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@Victor Yes Islamic Banks do provide consumer financing in the multiple ways, following are some simple models for your consumption: Auto Finance - Bank purchases a car from the market and leases it to customer on a variable rental rate for a certain time period. In the end Bank sells this car to customer at a nominal price or bank can gift the car to ...


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@Pablitorun Sale and Buyback of a commodity or anything at a different price is not allowed in Sharia. The arrangement you told is 'Bai Enah' which is prohibited by almost all the scholars in the world including AAOIFI Sharia Standards, hence not being practised by Islamic Banks. Yes Sale and Lease Back is widely used by majority Islamic banks for providing ...


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You are looking for something similar to loans when there is a structured settlement. This is generally done when a person is receiving payments spread over many years, but they want to receive the money now instead of a monthly or annual check for many years to come. Your situation is different because your payout next year isn't 100% guaranteed. That ...


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Leveraging investment is always risky because you could end have a big loss and end up owing more money than you have. You mention "safe" stocks, but keep in mind that in a market crash, no stock is safe. How sure are you that you can tell if the market is about to crash? What will you do if you get caught with your pants down, with your investment down 50% ...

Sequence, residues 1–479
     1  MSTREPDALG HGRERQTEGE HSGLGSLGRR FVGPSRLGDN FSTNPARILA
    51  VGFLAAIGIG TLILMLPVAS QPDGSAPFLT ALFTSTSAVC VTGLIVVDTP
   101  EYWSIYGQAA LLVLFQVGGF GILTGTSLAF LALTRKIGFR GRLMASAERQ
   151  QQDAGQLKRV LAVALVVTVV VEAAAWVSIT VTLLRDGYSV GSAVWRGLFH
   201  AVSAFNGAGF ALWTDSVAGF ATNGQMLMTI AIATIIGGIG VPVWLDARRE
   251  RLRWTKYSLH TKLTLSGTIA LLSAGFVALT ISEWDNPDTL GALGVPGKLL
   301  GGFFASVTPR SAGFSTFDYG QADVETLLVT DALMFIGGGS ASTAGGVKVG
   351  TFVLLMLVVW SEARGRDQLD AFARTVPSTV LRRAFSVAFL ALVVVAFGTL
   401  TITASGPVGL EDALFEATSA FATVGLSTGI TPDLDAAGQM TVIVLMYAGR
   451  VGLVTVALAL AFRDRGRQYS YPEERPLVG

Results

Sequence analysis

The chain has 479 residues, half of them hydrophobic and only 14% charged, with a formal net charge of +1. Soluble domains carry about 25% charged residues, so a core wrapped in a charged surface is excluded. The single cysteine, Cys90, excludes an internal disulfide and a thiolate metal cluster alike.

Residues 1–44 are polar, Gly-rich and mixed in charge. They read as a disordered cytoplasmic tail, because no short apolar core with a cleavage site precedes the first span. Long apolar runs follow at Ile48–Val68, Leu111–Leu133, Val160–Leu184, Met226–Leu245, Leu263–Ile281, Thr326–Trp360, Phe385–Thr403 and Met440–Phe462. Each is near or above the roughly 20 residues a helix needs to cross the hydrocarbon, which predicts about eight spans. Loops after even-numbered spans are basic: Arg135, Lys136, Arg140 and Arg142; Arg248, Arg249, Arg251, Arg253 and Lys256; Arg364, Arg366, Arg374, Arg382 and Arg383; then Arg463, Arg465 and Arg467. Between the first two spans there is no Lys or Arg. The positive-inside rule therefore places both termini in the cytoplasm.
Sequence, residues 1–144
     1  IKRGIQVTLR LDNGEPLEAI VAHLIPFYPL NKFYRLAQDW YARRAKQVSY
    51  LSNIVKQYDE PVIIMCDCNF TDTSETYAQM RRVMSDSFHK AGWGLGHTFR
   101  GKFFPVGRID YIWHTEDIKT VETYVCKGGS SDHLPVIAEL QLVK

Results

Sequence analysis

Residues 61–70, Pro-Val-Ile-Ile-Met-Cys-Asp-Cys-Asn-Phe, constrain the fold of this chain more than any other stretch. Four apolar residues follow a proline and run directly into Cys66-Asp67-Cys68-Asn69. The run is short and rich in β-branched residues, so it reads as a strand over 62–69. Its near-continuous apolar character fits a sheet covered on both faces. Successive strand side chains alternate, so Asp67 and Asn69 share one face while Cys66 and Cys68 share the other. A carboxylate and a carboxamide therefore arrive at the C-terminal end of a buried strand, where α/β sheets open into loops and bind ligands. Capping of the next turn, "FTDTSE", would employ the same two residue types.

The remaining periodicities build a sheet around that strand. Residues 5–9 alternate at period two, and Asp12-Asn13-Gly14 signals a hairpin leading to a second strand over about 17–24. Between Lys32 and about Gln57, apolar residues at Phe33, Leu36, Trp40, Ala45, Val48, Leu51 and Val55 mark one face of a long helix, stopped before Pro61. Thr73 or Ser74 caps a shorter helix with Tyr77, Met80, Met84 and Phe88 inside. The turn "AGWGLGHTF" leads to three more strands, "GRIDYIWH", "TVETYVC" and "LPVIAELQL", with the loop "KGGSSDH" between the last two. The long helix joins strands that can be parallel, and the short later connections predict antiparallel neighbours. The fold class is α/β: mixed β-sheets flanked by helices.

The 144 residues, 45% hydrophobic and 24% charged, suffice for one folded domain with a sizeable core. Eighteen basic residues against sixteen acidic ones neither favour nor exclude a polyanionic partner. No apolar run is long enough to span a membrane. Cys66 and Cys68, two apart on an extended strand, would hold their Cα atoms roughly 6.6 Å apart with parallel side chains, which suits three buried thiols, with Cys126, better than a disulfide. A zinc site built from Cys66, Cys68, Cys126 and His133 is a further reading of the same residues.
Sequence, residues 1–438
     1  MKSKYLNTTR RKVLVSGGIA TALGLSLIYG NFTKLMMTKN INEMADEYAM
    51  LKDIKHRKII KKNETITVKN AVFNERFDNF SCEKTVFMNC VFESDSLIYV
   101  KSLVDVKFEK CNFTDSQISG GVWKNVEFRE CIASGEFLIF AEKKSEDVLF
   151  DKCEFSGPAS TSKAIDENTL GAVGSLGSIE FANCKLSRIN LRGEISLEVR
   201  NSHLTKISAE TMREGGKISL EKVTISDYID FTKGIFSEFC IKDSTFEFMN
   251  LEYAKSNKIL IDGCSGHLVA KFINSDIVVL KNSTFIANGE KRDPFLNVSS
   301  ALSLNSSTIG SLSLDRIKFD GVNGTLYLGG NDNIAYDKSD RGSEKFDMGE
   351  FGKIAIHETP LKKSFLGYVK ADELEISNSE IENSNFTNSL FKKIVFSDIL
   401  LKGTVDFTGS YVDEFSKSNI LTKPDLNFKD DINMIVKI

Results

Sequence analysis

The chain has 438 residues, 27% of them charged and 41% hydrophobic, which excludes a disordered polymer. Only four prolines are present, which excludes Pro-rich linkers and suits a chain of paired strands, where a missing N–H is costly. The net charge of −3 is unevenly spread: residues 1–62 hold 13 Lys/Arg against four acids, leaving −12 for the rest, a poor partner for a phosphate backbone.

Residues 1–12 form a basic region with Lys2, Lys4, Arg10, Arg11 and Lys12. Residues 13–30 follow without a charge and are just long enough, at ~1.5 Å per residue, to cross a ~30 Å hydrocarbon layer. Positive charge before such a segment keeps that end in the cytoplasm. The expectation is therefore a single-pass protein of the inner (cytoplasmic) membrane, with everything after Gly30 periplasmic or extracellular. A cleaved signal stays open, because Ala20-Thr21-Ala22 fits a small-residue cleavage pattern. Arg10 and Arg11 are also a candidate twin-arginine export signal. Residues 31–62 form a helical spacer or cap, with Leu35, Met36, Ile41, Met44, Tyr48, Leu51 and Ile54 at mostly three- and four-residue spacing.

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You ask: Any thoughts on how risky such a loan would be? The simple answer is that it is riskier than whatever you invest in. Other answers have addressed the possibility that the value of your investment drops. There are other risks, including: not being able to pay an interest instalment at some point an unexpected call on capital a margin call not ...


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You are contemplating leverage In finance, leverage is borrowing money for investment, with the expectation (goal) of gaining higher gains than the cost of borrowing so that you end up with a net profit. This is the same principle behind margin accounts, where money is borrowed to hold an equity position you don't have the cash to cover on your own. It is ...


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If "10k€ ... 0.95% / year interest, payment in 3 years" means that you'll be paying a lump sum of €10287.71 in the autumn of 2022, then yes I would strongly think about doing it. However if your aggressive investments take a bath, you're still going to owe €10287.71. Of course, if you have an Emergency Fund, you can always use it to make up the ...


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Pay off all debts right now and have my net worth reduced to my emergency fund (~5k€) Paying off debt does not reduce your net worth - your net worth is all of your assets less what you owe, so it is a wash from a net worth standpoint. Also note that "dividend aristocrats" are not necessarily "safe" from a wealth standpoint. The value of a stock goes ...


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